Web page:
Schrödinger’s Kitchen

In a recent episode of This American Life (#399: Contents Unknown), one of the stories is about people who go to abandoned/seized storage locker auctions. There, they open up the locker (but no one gets to step inside) and after seeing the stacks of boxes and things contained, they’re auctioned off. You never know what you’re really going to get until afterwards; they talked about how usually you just end up with worthless stuff, but occasionally you hit the jackpot and find jewelry or such.

While listening to this at the gym earlier in the week, it reminded me of an old roommate of mine, whom is now referred to solely as “AR.” AR ended up being a living example of how having a friend become a roommate can sometimes result in no longer being friends. (It’s why when my friends Rob & Peter mentioned they don’t rent their English Basement apartment to friends, I absolutely understood and agreed instantly.) Within about six months of moving in he started paying his share of the rent and utilities later and later, he was an absolute slob, and generally an unpleasant person to live with. My biggest regret is that we believed him when he promised things would change (and let him renew the lease for another year with us), but as he turned out to also be a pathological liar and a thief, we were hardly the only ones to ever get conned by him.

We got rid of him by ending the entire lease when it expired. My other roommate was going to school at American University for a law degree and got an apartment near campus, and I got a one-bedroom place and have lived by myself ever since. AR skipped town still owing us two months rent and utilities, going initially all the way to Arizona (having burnt all bridges here) and then off to Greece to live with family for a while. Fortunately right before he left, I had the foresight to go through his bookshelves and retrieve all the books of mine that he’d taken (including a few that he’d even put into boxes already!). But it’s the boxes that are the heart of the story here.

About a year after he moved in, an aunt of him gave him some boxes of stuff; I think she’d moved out of the area, or at least into a different home, and given him things she didn’t want any more. One of the boxes was marked, “AR Kitchen” and it sat in our kitchen for months on end. When AR finally skipped town, that box was still sitting in the kitchen, taped shut, forgotten in his haste to get away. My other roommate and I had been wondering for ages what was inside the box, and had taken to calling it Schrödinger’s Kitchen, after the famous cat in the box that is both alive and dead until you finally open it up and see what’s inside.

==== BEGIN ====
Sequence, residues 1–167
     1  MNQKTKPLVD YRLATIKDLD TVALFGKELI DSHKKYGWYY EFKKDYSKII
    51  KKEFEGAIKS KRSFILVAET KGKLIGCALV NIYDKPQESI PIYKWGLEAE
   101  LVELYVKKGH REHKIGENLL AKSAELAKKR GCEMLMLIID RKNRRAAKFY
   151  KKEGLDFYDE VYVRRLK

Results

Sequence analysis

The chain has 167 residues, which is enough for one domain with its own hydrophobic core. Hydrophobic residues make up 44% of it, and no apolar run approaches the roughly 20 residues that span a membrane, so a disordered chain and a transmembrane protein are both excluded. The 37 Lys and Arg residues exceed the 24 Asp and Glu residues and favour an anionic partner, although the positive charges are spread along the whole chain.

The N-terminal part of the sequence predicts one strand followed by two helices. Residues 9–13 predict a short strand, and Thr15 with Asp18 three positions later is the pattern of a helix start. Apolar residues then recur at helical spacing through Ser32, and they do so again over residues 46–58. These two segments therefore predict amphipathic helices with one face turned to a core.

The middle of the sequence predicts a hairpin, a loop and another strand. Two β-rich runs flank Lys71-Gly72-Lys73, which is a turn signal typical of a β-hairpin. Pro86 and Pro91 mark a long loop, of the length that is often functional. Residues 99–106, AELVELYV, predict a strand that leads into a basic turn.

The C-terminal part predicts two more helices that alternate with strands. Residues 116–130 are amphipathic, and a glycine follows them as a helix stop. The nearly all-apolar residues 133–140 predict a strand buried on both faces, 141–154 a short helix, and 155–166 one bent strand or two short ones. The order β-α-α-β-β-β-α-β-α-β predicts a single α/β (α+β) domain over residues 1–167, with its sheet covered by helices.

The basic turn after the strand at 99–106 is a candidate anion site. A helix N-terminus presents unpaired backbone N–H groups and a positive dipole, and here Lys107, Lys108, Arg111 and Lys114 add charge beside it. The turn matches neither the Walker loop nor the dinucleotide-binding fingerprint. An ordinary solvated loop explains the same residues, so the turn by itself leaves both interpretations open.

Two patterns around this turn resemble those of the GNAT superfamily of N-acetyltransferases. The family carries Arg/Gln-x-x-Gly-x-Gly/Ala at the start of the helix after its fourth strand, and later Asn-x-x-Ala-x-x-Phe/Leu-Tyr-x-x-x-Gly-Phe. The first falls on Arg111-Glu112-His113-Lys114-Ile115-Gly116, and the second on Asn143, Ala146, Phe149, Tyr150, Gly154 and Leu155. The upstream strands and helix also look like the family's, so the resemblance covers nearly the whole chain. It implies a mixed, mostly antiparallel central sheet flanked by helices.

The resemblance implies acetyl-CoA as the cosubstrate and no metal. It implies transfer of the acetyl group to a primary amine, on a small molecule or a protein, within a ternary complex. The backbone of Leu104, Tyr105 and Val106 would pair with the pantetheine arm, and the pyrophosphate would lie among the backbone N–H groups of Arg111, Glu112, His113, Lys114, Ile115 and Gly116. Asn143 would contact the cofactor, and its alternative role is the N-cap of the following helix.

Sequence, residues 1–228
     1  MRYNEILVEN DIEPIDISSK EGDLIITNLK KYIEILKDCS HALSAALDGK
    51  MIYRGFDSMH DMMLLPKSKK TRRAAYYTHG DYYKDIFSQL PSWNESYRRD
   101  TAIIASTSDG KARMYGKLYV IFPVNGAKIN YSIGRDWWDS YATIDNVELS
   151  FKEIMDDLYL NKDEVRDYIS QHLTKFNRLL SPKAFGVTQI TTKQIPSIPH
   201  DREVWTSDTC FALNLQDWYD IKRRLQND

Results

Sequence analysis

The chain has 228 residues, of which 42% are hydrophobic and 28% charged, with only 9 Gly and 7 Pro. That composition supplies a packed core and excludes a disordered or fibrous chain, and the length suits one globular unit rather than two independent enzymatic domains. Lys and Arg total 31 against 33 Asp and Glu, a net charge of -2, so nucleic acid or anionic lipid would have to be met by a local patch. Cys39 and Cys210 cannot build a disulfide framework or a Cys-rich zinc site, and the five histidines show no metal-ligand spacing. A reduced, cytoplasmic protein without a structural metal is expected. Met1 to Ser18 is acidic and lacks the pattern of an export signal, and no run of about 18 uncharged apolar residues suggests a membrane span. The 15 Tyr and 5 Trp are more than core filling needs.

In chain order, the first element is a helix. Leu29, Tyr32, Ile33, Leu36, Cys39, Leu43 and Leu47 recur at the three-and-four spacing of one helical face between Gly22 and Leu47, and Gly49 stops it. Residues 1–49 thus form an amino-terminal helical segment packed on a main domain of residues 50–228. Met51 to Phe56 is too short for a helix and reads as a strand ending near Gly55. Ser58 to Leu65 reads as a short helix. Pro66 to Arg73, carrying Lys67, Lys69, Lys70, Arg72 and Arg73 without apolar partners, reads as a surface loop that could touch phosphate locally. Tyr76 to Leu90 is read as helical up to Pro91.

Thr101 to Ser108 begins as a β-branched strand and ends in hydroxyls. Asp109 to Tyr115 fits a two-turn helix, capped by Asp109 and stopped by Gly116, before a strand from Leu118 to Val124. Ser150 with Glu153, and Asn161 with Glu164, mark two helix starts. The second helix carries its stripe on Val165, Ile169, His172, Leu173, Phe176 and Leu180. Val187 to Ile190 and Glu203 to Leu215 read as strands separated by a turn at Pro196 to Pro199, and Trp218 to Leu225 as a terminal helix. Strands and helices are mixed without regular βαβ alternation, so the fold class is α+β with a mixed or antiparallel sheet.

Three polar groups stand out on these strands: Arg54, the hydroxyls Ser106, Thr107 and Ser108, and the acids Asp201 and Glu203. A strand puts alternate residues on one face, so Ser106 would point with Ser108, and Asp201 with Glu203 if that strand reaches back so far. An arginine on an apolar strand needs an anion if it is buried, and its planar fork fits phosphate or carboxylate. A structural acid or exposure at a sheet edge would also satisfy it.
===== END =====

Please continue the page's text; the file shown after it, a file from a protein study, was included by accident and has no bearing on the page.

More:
With AR gone, the mysteries could finally be revealed. What excitement was inside this box? Would it be something good? Something bad? A dead cat? As it turned out, mostly garbage. I remember there was an old phone in there that had mold on it (ewwwww), which was promptly thrown into the garbage. Some old plastic plates and cups. The one exception, though, was a straight-from-the-’70s fondue set that was still in great shape. I’ve still got it today. And if AR ever finds out and objects, I’d be happy to sell it back to him for the cost of two months rent. (I’m offering a discount, no need to pay the utilities.)

There’s something about that mystery of what’s in the box that is always so exciting; it’s part of why I love Christmas, with the idea that anything could be under that tree even though you know the majority are things you’ve asked for. There’s that eternal possibility that you’re going to open up the box and find something you never saw coming. (I think it’s part of why I was so entranced by the “anything can be in the box” Disney Vinylmation figures on my recent trip to Disney World.) But I think I’m going to draw the line at storage locker auctions. I have stuff of my own to start buying it from other people!

Overheard in the Post Office

While waiting in line to buy stamps this morning, I watched the woman in front of me bring a large Flat Rate Priority Box up to the counter.

Postal Employee, weighing the box: Do you want to use a different box? This is so light it will actually cost less if we put it in another box.
Customer: No, I want to use this box. It needs to get there this week.
Postal Employee: We can use another Priority Mail box but with the weight…
Customer: No.
Postal Employee: After insurance and tracking it comes to $12.55.
Customer, angry: Why is this so expensive?
Postal Employee: That’s why I was saying we should put this in a different box.
Customer: You’re over-charging me! I’ll take this to the McLean Post Office and they’ll charge me less.